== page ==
Location, Location, Location

Some would say that a website exists on the hard drive of the machine that acts as the server that’s connected to the Internet.

That may have been true during the Web’s infant years, but not anymore.

A website is on backup drives of other machines, maybe in the same building, maybe in the same city street. It could also be in the cloud, on some other machine halfway around the world.

It could be in a laptop of some kid in a bedroom who used a free software to download the complete website, so he could review it even without an Internet connection. It could be a .zip file. it could be on a memory card, or a thumb drive. It could be on a writable DVD. It could be on a floppy disk.

It could be a set of printouts that a graduate student has clipped together to read on the train. Parts of it could be citations in a book or a term paper. Parts of it could be on a website that mines and classifies images and phrases for specific topics. Parts of it are probably on Wikipedia, Google images, and Reddit.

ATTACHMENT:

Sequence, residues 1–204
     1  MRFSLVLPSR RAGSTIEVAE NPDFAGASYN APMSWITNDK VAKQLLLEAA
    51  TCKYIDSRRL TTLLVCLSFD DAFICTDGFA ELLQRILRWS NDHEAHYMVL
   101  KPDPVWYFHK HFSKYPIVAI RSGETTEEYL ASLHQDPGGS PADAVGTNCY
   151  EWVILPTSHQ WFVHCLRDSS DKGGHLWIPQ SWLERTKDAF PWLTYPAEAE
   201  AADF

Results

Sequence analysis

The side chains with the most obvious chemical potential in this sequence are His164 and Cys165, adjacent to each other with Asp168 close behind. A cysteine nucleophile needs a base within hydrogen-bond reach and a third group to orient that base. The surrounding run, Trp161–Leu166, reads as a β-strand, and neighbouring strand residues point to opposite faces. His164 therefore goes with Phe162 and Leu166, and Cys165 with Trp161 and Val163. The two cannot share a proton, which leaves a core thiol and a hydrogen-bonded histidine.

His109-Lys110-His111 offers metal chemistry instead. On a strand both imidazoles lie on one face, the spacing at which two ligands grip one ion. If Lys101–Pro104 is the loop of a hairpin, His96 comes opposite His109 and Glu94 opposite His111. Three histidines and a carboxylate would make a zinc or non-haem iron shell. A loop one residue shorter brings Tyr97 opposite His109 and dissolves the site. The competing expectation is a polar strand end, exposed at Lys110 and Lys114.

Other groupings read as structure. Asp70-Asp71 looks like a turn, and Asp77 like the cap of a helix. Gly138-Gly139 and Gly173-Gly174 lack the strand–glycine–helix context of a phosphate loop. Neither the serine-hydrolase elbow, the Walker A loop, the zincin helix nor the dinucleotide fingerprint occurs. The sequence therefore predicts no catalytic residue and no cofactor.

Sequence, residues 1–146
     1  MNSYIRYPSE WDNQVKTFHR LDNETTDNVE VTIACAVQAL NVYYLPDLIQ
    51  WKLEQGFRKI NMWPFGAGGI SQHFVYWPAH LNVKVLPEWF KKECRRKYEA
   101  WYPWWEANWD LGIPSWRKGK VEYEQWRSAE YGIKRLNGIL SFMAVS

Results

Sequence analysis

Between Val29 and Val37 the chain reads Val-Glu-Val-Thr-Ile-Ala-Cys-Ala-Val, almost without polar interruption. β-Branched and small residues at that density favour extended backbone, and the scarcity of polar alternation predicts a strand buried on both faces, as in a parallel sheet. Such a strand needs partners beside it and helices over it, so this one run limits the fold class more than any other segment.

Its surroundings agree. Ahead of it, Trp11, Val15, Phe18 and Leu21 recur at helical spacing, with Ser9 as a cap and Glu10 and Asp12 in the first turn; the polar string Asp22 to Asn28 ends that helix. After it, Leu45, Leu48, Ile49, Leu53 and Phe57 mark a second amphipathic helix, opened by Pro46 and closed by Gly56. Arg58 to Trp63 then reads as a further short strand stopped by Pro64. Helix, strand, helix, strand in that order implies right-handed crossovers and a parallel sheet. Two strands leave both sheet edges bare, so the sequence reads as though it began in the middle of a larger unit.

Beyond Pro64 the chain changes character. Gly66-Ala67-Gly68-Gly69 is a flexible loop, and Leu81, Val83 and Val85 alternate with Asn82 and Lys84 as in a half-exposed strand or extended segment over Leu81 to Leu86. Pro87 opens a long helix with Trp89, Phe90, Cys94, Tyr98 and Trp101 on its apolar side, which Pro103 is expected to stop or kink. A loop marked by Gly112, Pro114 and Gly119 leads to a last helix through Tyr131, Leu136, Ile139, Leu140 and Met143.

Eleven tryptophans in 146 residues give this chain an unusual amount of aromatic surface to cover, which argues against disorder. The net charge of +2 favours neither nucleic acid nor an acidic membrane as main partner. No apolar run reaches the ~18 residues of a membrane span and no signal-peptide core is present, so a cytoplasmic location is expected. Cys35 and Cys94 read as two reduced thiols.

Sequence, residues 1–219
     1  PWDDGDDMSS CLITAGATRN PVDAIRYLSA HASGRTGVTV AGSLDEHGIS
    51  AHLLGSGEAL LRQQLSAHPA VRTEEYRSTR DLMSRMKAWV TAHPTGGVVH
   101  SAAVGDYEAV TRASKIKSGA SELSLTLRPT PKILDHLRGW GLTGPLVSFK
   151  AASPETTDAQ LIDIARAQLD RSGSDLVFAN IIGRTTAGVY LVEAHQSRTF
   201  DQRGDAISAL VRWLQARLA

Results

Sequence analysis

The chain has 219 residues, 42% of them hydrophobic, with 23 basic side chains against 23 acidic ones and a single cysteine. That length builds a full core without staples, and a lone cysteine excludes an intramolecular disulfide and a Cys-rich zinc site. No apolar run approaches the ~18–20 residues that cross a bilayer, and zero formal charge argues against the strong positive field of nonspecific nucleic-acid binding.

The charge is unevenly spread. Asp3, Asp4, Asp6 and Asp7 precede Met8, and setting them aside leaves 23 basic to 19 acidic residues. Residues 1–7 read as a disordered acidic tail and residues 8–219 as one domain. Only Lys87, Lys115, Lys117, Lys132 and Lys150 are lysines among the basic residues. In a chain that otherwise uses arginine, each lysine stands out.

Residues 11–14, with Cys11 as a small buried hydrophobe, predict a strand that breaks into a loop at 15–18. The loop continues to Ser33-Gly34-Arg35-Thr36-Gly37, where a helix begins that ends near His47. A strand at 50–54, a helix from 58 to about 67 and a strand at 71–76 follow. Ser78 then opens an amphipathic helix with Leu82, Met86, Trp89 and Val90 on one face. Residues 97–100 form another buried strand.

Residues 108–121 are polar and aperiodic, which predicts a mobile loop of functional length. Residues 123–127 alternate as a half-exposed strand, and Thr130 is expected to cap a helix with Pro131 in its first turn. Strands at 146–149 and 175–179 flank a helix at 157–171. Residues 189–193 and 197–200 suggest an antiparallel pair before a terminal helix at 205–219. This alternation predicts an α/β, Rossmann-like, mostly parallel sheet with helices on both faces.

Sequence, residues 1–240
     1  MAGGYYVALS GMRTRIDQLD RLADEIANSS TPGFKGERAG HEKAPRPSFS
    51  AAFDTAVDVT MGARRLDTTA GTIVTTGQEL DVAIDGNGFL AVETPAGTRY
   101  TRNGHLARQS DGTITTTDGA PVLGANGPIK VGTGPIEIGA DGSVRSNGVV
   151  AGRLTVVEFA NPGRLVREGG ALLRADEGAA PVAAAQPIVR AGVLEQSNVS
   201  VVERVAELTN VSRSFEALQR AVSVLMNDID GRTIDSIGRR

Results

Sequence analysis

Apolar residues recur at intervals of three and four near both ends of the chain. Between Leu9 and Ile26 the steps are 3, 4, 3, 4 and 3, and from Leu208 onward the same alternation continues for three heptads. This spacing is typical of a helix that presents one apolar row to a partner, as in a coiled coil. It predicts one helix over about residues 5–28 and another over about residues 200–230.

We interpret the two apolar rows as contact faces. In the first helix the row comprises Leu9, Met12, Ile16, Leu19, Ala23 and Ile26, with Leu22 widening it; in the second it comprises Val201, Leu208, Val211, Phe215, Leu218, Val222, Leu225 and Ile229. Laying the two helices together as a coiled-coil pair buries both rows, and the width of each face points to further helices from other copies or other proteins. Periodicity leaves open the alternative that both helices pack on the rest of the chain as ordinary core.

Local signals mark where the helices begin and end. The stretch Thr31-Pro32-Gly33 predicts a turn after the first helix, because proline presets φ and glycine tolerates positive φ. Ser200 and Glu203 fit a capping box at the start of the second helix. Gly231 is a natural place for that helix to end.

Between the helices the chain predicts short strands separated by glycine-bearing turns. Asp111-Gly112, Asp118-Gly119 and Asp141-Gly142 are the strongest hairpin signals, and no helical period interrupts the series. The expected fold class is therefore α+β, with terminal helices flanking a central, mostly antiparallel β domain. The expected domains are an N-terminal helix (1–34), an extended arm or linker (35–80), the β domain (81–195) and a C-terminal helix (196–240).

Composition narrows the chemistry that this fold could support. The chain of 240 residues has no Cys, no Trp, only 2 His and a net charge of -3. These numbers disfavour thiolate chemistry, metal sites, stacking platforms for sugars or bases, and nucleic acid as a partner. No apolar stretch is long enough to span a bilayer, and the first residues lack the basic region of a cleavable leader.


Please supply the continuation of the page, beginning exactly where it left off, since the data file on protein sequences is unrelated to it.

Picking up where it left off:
Parts of it are definitely not on the same machine as the other files. Video files are on YouTube, statistics files on Google Analytics, and sound files on SoundCloud. Not to mention its other bits and pieces that are scattered throughout Twitter, Instagram, Facebook, Pinterest, Tumblr, and LinkedIn, to name a few.

So where on Earth does a website exist?

It’s everywhere. It’s anywhere.

So where should a person work on a website that’s everywhere and anywhere?

Everywhere. Anywhere.